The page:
Samovar presented to the Japanese emperor from Tsesarevich Nikolai Alexandrovich during his trip to the Far East in 1890-91
The samovar is one of the most iconic symbols of Russia, along with onion-domed churches, matryoshkas and fur hats. A temporary exhibition at the Tsaritsyno Estate provides a rare glimpse at the broad variety of these fancy “self-boilers.”
Some 200 samovars from the 18th to early 20th centuries are on display, all from the private collection of three generations of the Lobanov family from St. Petersburg. According to the curators, it’s the world’s best collection of samovars from those times, including items by renowned craftspeople and producers from various regions of Russia. In compiling the collection, the Lobanovs sought to bring together objects reflecting the history, origins and development of the samovar as an integral part of Russian domestic culture, while at the same time showing the wealth, variety and talent of local craftspeople.
Curator Yelena Dremova told RIA Novosti that the most interesting exhibits include a samovar decorated with laurel and maple leaves, made especially as a gift to the Japanese emperor from Tsesarevich Nikolai Alexandrovich (the future Tsar Nicholas II) during his trip to the Far East in 1890-91. Others belonged to such notables as writer Mikhail Bulgakov and Provisional Government Prime Minister Alexander Kerensky.
To further immerse visitors in the atmosphere of the Russian tea ceremony, the exhibition includes related objects such as tea pots and cups, sugar bowls and serving trays.
“Birds of Gzhel” is included as an extra exhibition, consisting of Archpriest Alexei Potokin’s private collection of the distinctive blue and white ceramics. The 140 items include vases, jugs, tea pots, sugar bowls, plates, trays, beer mugs, clocks, and figurines.
© Moscow News. 21 August, 2012
Pyotr Stolypin, one of the last major statesmen of Imperial Russia and Prime Minister under Tsar Nicholas II, used to say “Russia without samovars is not Russia!” Alexei Lobanov, a collector of samovars from St. Petersburg, likes to repeat this statement. His collection of savovars, metal containers, which were traditionally used in Russia to heat and boil water, are on display in the Tsaritsino museum in Moscow from July 12 to September 9.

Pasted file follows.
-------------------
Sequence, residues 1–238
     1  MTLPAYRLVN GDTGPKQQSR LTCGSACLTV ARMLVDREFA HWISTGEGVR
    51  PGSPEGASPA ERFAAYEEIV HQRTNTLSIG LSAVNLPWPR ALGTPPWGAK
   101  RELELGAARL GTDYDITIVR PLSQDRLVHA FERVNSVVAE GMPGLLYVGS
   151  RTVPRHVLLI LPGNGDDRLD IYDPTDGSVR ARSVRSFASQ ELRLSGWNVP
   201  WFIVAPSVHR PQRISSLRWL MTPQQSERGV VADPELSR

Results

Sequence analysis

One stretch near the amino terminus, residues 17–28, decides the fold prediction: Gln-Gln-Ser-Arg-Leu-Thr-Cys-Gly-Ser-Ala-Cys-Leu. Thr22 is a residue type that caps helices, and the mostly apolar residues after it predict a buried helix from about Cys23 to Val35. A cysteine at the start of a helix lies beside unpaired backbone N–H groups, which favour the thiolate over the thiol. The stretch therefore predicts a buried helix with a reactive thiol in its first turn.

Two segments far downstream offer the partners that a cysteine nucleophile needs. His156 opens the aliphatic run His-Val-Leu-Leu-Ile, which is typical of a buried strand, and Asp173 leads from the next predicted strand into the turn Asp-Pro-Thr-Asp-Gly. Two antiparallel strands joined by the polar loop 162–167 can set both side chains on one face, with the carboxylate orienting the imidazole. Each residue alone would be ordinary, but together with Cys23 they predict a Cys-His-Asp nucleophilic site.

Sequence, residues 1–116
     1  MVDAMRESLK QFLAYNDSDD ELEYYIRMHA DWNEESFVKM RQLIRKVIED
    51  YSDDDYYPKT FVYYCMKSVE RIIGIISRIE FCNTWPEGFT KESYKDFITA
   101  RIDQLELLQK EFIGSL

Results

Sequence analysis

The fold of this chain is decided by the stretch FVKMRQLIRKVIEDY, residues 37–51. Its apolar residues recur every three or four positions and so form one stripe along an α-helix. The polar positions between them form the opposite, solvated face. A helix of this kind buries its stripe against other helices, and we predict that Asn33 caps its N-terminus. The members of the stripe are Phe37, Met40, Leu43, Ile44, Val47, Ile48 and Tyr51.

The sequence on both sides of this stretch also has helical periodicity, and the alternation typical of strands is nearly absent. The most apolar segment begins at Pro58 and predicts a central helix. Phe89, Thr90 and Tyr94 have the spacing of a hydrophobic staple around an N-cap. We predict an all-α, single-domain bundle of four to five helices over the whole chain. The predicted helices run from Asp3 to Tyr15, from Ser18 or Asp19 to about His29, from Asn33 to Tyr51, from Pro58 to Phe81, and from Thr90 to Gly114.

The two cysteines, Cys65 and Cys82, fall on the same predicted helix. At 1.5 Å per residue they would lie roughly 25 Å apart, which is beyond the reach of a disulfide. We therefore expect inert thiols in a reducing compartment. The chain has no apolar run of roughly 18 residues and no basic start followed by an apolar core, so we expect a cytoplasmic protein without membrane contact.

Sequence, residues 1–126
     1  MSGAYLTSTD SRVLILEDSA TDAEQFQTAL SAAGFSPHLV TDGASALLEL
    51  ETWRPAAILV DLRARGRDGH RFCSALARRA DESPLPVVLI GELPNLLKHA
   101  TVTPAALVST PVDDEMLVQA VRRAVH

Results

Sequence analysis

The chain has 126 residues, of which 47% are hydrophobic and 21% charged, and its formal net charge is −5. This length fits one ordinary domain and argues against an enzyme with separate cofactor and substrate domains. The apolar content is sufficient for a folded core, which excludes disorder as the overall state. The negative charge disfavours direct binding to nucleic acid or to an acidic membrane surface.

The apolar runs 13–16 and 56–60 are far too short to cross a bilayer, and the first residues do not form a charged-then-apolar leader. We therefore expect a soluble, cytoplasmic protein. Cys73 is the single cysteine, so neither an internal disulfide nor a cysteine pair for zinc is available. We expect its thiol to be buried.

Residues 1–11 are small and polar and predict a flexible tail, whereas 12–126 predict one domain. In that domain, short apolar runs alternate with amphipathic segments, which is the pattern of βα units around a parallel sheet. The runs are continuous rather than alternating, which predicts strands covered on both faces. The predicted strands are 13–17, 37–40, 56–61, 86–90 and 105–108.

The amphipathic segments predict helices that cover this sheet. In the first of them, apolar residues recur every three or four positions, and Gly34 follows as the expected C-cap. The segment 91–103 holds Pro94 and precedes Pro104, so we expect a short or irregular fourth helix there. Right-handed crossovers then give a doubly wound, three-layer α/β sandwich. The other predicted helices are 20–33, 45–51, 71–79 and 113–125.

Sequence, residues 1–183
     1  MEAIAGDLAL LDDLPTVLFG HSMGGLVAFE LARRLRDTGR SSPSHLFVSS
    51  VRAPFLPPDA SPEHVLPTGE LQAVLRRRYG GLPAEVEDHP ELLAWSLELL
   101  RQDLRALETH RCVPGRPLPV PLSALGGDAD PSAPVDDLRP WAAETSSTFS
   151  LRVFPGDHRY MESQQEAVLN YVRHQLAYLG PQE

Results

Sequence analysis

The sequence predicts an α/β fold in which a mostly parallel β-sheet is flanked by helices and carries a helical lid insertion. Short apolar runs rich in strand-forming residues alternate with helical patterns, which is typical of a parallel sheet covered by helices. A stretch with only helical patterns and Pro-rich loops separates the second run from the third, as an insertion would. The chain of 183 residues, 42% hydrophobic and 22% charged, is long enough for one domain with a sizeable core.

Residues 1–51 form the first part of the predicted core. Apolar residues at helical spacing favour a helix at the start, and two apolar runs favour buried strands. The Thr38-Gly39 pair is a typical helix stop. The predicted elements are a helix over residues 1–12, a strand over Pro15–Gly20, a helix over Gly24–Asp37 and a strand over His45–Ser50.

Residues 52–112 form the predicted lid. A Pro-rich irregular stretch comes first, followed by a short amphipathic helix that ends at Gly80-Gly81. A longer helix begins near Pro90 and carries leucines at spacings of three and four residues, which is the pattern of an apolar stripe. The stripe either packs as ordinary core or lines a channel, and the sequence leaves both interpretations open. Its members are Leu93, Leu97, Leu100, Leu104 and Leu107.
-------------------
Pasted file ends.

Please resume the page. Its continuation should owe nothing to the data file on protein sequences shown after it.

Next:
Although he is a professional lawyer, Alexei continues to supplement the family collection of samovars which was started by his great-grandfather and his father. Their family collection counts more than 200 exhibits. In an interview with the Voice of Russia Lobanov confessed that he is now so deep into the subject that he knows what is what as good as a professional ethnographer.
"Our collection will shed more light on the development of samovar as a symbol of Russian culture," Lobanov says. "Samovar appeared in Russia at the beginning of the 18th century, and our collection includes a spate of rare hand-made samovars that were in use in Russia between the 18th century and the beginning of the 20th century.Subsequent years saw the beginning of mass production of samovars which were of little interest to me," Lobanov adds.
A metal container traditionally used to heat and boil water, a samovar turned into an important attribute of a Russian household.
In previous years, Lobanov’s samovars were on display in Paris, Prague and the Norwegian town of Bodo, attracting scores of visitors. The hope is that the Moscow exhibition will not be an exception.
© The Voice of Russia. 15 July, 2012
An exhibition of Zhostovo trays has opened at the Tsaritsino Museum and Preserve in southeastern Moscow. About 400 one-of-a-kind trays painted in the famous Zhostovo style are on display.
The craft originated in the village of Zhostovo near Moscow. A local master, Osip Vishnyakov, organized decorative tray production there in the first half of the 19th century.
The initial patterns of tea-drinking, troika horse rides and landscapes were gradually replaced by easy-to-recognize bright floral design that became Zhostovo’s trademark.
© Voice of Russia. 18 April, 2011
Newer | Latest | Older